It’s graduation week at Towson University and the campus is crowded with proud families. It’s also filled with signs bearing the hashtag #NotAtTU -- part of an effort to educate students about policies for reporting incidents of hatred and bias.
It comes following an uproar over a racially charged incident on April 5th, between a white male student and Tracy Jones, a black female supervisor at Towson’s CLA Café. Jones said she asked the student to repeat his order, when he snarled “your kind of people don’t listen.” Jones said the student then threw his change over the counter at her.
“I’m just standing there like… are you really serious?” said Jones. “You know there’s still some racism out there but it’s more personal when it hits you. When it was all said and done I called my boss and he told me who to call to report it.
News of the incident spread quickly, leading to a rally in Freedom Square, near the center of campus, where students voiced their outrage and demanded changes. Students also took to twitter to complain that the administration had failed to punish racist incidents.
Meanwhile, the administration implemented measures to ensure the safety of workers in the café, including stationing campus police officers there. Jones says that made her feel safer.
In early May, the Student Government Association (SGA), held an event in the student union to promote positive discussion of ethnicity and explain how students should report incidents of hate or bias. Campus Police Chief Bernie Gerst attended the event, to show his support for the students – and, as he said: “let them know their police department is here for them and that we want them to feel safe in a welcoming and inclusive environment here.”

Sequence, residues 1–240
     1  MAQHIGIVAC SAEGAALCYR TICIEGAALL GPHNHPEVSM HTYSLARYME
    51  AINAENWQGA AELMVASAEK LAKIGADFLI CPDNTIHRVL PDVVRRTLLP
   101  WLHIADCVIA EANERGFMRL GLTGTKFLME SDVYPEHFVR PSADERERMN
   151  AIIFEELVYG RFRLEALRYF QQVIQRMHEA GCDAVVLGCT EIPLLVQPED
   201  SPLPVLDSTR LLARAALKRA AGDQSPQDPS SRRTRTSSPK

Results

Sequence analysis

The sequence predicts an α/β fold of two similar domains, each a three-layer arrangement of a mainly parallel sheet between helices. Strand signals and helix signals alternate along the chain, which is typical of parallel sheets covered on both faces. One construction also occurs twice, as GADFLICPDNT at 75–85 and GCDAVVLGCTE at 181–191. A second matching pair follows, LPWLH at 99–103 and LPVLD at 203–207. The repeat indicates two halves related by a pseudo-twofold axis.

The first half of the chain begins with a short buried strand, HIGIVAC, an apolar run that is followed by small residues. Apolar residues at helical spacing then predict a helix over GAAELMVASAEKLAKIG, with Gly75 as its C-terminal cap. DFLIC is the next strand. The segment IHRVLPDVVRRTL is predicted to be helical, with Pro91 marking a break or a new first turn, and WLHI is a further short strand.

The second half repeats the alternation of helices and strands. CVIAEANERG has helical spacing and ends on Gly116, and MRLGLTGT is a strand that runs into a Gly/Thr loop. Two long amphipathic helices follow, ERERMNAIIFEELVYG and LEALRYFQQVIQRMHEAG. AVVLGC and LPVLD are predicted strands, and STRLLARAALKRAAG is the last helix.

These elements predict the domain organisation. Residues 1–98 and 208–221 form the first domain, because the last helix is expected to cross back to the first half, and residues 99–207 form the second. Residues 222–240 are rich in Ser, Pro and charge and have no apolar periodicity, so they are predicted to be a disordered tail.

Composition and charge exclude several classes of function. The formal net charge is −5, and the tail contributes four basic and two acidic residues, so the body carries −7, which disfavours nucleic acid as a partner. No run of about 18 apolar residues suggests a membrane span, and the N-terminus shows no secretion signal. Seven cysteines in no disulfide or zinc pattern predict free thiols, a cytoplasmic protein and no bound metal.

With community and officials being seen joining forces, the #NotAtTU campaign appeared to some as a direct response to the incident in the CLA. But SGA president Kurt Anderson says the plans have been in the works for a while. “We began this process in October,” he said, “and we were planning on launching it in January but certain random things happened that delayed the process. What we were going to do was wait till the fall to do a bigger campaign. Based on what happened we rushed the roll out.”
Anderson says the campaign is meant to promote equality within the community as well as provide information students can use to help prevent more incidents from occurring. He added that next semester will see “...a larger launch. There will be some promotional videos created. There will also be some teach-ins and workshops around it.”
Jones says all these moves have made a difference: “We feel like now, somebody cares they don’t just look at us as the people that fix our food and give us coffee and that’s it. Now we feel like we’re a part of Towson.”
She also says she doesn’t want to deal with the student at the heart of the April 5th incident: “Hopefully he will graduate and I don’t have to ever see him again.”
Graduation ceremonies continue through Friday.